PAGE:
Just another day in the office

Last week we spent two days doing our field training. This involves leaving the station for a night and learning how to live in tents in Antarctica. This training is required for all winterer’s, both for supporting field parties in the summer months and as an emergency survival option (e.g. if an aircraft cannot reach it’s destination due to poor weather, it may have to land  in the middle of nowhere until it can proceed.)

Being in such a remote and unique landscape makes camping more complicated than back home in the UK. We use pyramid tents made of very tightly woven cotton, which makes them wind proof, and have to do as much as possible in tents to keep out of the weather.

The campsite

The campsite

We left Halley after lunch on Tuesday, two people on Ski-Doo’s and the rest of us in a SnoCat. It took about two hours to reach Creek 3 on the SnoCat, where we learnt how to set up camp, made ourselves dinner (my tent had Pate on Biscuit Browns for starter, and ‘Man Food’ for the main – to get us used to the (remarkably good) field rations), had a sked with the base to demonstrate field communications and then roped up and had a short walk down to the sea ice.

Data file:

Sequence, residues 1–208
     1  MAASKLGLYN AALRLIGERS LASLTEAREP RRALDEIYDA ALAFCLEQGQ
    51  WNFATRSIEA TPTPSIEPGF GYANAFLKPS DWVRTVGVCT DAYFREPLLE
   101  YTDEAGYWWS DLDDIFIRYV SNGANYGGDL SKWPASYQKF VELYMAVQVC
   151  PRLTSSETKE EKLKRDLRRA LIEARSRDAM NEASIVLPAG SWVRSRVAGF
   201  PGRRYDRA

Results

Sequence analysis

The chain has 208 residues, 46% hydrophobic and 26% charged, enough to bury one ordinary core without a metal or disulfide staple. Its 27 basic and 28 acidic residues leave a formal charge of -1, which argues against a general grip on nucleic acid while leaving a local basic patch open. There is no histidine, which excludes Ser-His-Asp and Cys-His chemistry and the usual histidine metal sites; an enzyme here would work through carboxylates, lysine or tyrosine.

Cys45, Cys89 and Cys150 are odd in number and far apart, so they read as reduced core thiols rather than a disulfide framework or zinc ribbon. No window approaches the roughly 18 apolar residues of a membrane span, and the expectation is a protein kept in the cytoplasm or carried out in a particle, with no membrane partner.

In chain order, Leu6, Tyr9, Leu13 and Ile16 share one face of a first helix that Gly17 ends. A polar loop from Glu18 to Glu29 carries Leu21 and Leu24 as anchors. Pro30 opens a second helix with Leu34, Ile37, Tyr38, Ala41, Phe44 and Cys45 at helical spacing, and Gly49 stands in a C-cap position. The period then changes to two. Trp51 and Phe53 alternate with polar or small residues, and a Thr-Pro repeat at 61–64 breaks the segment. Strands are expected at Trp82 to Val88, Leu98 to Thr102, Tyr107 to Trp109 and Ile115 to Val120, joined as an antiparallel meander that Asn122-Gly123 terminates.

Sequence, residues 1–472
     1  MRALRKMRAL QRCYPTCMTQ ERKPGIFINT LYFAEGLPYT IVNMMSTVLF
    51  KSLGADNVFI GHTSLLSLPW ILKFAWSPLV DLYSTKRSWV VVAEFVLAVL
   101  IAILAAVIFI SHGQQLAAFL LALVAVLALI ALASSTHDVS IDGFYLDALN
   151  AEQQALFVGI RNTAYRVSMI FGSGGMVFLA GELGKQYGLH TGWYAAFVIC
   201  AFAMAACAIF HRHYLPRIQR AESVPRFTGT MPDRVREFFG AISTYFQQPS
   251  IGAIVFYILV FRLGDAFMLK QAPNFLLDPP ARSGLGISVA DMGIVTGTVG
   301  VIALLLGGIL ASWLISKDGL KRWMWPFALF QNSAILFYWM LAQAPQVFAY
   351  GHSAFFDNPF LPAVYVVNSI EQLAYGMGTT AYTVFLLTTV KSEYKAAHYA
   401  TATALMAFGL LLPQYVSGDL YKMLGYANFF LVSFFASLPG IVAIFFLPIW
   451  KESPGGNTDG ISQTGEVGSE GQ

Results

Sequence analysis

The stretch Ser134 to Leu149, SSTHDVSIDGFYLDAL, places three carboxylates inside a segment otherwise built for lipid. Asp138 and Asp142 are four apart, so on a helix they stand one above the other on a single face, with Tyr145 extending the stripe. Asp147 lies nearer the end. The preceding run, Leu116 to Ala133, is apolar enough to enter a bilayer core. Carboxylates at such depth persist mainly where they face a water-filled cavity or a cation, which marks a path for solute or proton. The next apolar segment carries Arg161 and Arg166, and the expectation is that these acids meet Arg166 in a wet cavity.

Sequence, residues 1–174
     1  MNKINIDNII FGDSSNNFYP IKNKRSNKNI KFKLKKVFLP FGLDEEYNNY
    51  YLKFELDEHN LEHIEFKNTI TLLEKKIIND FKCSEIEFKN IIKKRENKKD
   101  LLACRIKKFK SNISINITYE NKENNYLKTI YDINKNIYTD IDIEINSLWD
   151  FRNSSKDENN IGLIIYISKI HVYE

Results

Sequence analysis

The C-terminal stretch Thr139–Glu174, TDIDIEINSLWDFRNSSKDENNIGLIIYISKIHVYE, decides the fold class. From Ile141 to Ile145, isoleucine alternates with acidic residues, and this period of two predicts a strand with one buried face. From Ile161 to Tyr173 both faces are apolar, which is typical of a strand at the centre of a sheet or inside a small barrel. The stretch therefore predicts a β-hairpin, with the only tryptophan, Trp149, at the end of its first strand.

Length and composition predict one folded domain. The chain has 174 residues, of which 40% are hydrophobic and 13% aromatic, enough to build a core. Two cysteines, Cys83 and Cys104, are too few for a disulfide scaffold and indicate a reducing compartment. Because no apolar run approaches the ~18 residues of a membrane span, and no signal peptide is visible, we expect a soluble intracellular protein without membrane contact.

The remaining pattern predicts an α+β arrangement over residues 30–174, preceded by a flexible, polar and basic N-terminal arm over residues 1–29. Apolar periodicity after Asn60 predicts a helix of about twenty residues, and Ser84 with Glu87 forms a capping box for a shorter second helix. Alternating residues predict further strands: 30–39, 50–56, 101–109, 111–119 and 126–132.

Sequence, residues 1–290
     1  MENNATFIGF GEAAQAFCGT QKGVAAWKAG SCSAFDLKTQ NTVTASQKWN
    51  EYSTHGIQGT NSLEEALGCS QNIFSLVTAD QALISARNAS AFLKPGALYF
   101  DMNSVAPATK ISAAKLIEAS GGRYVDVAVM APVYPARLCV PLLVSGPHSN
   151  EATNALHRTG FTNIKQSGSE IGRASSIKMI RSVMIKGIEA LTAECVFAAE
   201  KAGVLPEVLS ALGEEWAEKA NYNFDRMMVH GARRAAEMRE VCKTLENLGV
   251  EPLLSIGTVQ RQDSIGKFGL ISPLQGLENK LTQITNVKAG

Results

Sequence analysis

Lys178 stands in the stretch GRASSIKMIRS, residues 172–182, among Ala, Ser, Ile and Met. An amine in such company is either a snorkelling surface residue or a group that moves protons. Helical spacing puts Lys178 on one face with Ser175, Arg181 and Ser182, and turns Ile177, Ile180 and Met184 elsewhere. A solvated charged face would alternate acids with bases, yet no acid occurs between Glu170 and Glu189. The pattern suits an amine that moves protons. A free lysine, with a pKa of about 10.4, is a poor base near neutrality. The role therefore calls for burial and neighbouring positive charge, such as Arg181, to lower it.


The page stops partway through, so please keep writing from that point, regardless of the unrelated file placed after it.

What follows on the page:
The sea view

The sea view

After another round of hot drinks we filled our water bottles with water, which are then kept inside the really thick sleeping bag with us to stop them freezing overnight. This gives us instant water in the morning, rather than having to melt some to have a drink; although we did prepare a pan full of snow just before going to sleep so we could just light the Primus stove and start melting without leaving our sleeping bags!

Melting snow on the Primus stove in the tent

Melting snow on the Primus stove in the tent

In the morning we struck camp and learnt how to pack up the tents and field sledges, before practising more rope work and crevasse rescues. Rather than throw someone down a crevasse, we just kept tension on the rope to simulate someone hanging. We then headed back to base at about midday – myself and Al on Ski-Doo’s this time and the others in the SnoCat. The sastrugi was rather solid which made it a very bumpy drive, but it was good to practice pulling the field Nansen sledge on a Ski-Doo. The main thing to remember is that, as the sled is attached with a rope, you need to slow down gradually so it is stopped by friction rather than the back of the ‘Doo!

Posted in Antarctica, Trips